Let’s not throw the baby out with the bath water. That the spirit of the holiday gets lost among some, that it’s become commercial with Black Friday, these things are unfortunate but we can be part of the solution; Not by calling for the elimination of the holiday but inviting others to join us, sharing the good will, expressing what we’re thankful for. And for me, part of what I love is being an American. I’ve also done a lot of traveling, I lived in other countries. It was those experiences in foreign lands that taught me what a blessing it is to be a citizen of the U.S….and no, I did not vote for Trump nor am I a Republican…but I do own a gun. I hope everyone who reads this celebrates Thanksgiving with its original intent, with love in their hearts and in their homes or wherever the holiday has brought you.


    • Thanks for your thoughtful comments, Marty. I definitely agree that gratitude is the secret to happiness, and I also am exceptionally proud to be American. I just struggle a lot with the unrestrained consumption that we as a country seem to be so inordinately fond of. Wishing you a lovely holiday season!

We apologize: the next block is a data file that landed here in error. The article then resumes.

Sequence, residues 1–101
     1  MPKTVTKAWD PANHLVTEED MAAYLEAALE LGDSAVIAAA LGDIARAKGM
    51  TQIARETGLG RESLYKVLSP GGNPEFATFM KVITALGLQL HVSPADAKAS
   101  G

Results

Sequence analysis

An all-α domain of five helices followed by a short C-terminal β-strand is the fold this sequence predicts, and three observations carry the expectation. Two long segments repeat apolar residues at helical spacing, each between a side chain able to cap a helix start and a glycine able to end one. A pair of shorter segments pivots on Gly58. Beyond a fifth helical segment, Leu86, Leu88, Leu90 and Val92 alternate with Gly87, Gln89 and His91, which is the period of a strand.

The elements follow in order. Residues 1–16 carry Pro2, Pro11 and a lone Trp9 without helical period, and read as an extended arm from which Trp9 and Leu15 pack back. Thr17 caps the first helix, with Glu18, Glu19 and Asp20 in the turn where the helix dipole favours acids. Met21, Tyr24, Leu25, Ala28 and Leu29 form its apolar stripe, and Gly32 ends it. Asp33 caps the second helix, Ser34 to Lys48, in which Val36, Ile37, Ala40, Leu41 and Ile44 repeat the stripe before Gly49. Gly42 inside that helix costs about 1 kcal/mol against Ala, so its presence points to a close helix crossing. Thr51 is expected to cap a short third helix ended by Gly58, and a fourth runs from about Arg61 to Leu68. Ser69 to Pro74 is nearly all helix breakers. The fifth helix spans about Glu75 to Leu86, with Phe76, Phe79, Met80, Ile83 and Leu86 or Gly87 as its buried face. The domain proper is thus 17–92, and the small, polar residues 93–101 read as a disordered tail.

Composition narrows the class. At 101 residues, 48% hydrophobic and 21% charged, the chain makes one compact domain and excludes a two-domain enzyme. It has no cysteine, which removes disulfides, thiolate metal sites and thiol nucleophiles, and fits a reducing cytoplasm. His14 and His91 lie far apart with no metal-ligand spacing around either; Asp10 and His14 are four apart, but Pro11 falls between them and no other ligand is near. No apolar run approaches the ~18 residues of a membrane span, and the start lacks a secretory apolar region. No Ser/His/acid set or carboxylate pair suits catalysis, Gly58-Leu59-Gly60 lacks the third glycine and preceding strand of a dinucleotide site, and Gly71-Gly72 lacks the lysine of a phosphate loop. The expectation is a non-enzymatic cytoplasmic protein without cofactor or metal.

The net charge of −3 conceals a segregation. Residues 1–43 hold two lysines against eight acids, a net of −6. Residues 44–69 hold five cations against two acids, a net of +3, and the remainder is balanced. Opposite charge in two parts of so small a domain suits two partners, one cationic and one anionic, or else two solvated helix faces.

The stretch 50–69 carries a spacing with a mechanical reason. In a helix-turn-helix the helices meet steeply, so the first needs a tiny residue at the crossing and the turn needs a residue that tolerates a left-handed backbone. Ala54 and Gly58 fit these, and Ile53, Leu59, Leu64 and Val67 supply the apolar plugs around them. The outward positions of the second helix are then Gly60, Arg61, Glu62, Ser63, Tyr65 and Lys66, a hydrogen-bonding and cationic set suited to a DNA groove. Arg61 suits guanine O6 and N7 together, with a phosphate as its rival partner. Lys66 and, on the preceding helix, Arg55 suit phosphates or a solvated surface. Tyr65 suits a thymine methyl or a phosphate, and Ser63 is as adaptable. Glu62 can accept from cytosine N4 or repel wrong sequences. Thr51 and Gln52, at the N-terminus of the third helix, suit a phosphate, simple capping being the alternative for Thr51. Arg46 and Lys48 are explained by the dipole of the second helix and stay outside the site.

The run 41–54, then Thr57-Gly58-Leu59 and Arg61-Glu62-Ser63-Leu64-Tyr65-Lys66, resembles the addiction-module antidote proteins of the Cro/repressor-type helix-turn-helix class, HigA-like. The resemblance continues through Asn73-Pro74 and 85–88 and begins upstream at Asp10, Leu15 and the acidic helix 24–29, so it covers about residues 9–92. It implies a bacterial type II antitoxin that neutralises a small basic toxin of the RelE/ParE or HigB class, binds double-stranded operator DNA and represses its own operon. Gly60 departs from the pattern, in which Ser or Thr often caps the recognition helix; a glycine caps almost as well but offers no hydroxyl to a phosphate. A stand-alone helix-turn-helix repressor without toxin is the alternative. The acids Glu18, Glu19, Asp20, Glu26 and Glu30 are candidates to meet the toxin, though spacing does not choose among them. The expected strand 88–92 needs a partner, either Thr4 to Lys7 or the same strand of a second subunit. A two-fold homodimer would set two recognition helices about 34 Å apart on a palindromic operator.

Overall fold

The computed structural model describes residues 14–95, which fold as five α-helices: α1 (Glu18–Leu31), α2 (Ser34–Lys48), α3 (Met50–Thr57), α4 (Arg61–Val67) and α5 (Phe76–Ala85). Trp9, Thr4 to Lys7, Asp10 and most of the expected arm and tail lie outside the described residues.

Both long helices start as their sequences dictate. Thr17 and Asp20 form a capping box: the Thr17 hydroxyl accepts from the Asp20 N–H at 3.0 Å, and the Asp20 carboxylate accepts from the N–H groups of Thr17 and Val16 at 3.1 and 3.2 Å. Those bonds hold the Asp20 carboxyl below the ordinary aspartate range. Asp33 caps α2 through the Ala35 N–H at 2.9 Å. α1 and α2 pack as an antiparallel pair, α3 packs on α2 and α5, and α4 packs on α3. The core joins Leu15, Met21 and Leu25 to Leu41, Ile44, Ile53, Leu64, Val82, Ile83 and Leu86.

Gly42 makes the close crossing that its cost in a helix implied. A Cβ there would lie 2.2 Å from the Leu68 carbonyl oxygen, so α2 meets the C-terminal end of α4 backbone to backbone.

3. I love this post. It breaks my heart to think of all those animals tossed away without a thought.

    I am with you in the spirit of enjoying the season without all of the shopping, gluttony and excess.


  4. Amy, thank you. I do genuinely enjoy sharing good food with family and friends, but somehow this year I am struggling to accept all of the excess. I think less is more, and I’m working hard on incorporating that mindset into my daily life.


    • I think it’s a constant work in progress.

      Are you aware of Courtney at Be More with Less? I think you’d connect with her message. I recently read about something special she sends in email each day around now. There’s a cost but it’s nominal and she’ has a lot of integrity.


  5. Good post. Actually, America is not the only country to celebrate Thanksgiving. Canada has a Thanksgiving holiday the second Monday in October. It is not as important a holiday as in the USA and the dinner is not quite as traditional though it usually includes turkey.


    • Nancy, you’re absolutely right and I should have noted that in the post. Somehow I never want to lump Canadians in with Americans – they seem so much more sensible and civilized than we do.